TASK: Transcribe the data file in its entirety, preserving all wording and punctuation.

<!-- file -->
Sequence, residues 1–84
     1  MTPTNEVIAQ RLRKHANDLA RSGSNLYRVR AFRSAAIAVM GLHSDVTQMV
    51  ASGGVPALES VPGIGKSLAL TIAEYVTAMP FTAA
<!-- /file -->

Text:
Sequence, residues 1–84
     1  MTPTNEVIAQ RLRKHANDLA RSGSNLYRVR AFRSAAIAVM GLHSDVTQMV
    51  ASGGVPALES VPGIGKSLAL TIAEYVTAMP FTAA